Askerisks, Disclaimers and Afterthoughts
DISCLAIMER: John Hurrell has written an excellent review of On the moment of change there is always a new threshold of imagination, and acknowledged each of the artists featured in the exhibition. This article is a complex maze of asterisks, disclaimers and afterthoughts, intended to mask the writer’s opinion. The field of inquiry could be appropriately described as gossip.
Misal Adnan Yildiz’s first exhibition was always going to be about him. A new director every three years, the changing helm of Artspace provides a cyclical rhythm in Auckland’s art scene. If the exhibition is indeed a meditation upon new leadership, it is a dashing success. Adnan is warm, charming – almost infectious – and very intelligent.*
* If people like you, they will find a way to like your art. It’s a social game, and the currencies of meaning are embedded in real relationships, real economies.
More than simply being likeable, Adnan is an interesting addition to the New Zealand art scene. Contrary to the pathological modesty that New Zealanders are often credited with, Adnan is a dashing and exuberant figure that plays hardball with this country’s “don’t make a fuss” demeanour.
On the moment of change there is always a new threshold of imagination began with a lecture, morphed into a group show, and closed with an open studio staged by artist in-residence Nilbar Güreş. At moments, the exhibition was caught in a half state of completion. We were placed in the flux of the exhibition-maker, and asked to speculate on the next step.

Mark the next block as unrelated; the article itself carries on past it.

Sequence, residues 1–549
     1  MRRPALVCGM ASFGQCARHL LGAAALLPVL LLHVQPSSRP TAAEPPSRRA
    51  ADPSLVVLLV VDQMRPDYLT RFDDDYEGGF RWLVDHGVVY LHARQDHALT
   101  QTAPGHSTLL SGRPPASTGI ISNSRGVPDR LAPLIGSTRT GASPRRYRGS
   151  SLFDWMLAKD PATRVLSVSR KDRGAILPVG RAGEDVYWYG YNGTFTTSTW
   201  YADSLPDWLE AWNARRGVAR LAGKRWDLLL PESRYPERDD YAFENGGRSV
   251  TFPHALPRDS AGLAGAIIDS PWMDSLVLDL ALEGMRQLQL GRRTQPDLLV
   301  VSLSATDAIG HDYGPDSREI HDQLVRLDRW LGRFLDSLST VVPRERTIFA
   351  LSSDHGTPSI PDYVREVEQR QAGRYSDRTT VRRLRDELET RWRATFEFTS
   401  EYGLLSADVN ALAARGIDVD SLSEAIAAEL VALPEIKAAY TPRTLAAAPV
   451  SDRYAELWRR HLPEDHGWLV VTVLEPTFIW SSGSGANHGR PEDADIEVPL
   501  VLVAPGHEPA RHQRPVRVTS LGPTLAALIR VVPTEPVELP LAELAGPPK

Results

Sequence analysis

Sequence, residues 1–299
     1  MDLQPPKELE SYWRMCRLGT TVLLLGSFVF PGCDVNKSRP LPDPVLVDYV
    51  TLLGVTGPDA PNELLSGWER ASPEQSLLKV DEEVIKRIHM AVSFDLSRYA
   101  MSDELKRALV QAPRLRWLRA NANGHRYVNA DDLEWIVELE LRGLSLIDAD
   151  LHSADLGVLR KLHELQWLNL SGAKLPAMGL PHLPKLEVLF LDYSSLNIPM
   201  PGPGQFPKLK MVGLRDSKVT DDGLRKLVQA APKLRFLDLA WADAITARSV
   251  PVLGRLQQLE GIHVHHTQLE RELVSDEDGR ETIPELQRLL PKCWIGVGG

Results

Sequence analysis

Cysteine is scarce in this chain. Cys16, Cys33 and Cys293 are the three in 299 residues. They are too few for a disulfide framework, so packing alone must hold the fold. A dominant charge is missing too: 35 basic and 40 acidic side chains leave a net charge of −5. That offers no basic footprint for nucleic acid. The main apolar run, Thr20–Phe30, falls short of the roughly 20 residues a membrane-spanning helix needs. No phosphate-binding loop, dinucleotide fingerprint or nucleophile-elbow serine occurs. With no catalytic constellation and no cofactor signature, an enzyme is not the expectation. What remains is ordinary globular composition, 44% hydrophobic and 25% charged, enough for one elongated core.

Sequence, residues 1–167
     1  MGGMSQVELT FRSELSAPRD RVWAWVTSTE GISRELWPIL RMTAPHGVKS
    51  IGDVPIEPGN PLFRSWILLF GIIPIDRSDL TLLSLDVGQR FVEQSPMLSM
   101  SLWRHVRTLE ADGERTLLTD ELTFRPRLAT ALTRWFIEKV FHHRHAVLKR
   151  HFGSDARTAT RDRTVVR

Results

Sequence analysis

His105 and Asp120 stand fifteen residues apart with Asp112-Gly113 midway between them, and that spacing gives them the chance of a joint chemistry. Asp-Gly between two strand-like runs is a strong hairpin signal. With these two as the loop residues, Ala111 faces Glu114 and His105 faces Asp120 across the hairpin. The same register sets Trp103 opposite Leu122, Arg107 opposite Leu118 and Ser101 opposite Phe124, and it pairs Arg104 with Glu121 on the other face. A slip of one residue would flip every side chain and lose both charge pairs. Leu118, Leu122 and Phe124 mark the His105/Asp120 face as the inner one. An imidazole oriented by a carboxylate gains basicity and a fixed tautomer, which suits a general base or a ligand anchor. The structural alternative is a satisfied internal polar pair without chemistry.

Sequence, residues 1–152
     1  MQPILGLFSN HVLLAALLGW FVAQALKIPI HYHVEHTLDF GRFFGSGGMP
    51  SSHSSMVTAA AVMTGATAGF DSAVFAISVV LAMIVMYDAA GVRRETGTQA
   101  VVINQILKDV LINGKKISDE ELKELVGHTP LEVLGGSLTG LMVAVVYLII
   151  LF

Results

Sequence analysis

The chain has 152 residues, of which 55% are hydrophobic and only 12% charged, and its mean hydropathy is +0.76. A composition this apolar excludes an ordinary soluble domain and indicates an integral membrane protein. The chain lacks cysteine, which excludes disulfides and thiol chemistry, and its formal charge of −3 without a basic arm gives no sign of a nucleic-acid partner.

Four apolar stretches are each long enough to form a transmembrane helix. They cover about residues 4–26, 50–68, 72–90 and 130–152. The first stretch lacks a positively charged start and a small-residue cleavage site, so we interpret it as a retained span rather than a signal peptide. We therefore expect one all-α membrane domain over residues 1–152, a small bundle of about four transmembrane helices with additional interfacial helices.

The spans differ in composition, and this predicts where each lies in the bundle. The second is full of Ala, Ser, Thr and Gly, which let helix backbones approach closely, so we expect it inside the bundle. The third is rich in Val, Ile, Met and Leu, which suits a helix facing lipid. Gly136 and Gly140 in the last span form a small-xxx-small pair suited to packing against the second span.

Adnan’s lecture was delivered amongst futons, pot-luck catering and a chill-electronic soundtrack. It was a non-hierarchical performance that garnered plenty of well-deserved applause – his Eagle Bar after party was similarly well received. Adnan wielded the rhetoric of possibility, and described ‘new thresholds of imagination’. This dialogue of new potentials – or innovation – is one of the best defences of art in the wider economy. Art provides a testing ground where the rules are elastic and if broken well enough, form a new set of conventions.*
* Unfortunately, the resulting exhibition looked… Well, a lot like an exhibition. While it is too early to pull out the report card, I hope Adnan evokes the possible, the uncertain, and the explorative, beyond language.
This moment of change should be embraced. Art needs an audience. I mean this not as a theoretical statement, but as a kind of plea. Our exchanges within art institutions have become transactional: Where is my free beer? When can I expect a solo show? Are you going to choose me for the internship? No institution can keep pace with these demands. The beer will always run out, there are only so many exhibitions in a year, and there is only one internship.*
* The art world is in the midst of a conundrum – its producers are also its primary audience. More than artists, curators – or writers, what these institutions need are dedicated and engaged audiences.
Afterthought… I came across an old Japanese woman in the exhibition. She was one of those all-too-rare drop-ins that had stumbled in from the street. She was starring wide-eyed at the video by Fancy Violence, and had a small smile on her face. Pointing to the video, I asked her what she thought, at which point she produced two-thumbs up and a grin, the universal language of satisfaction in the face of a well-lit penis.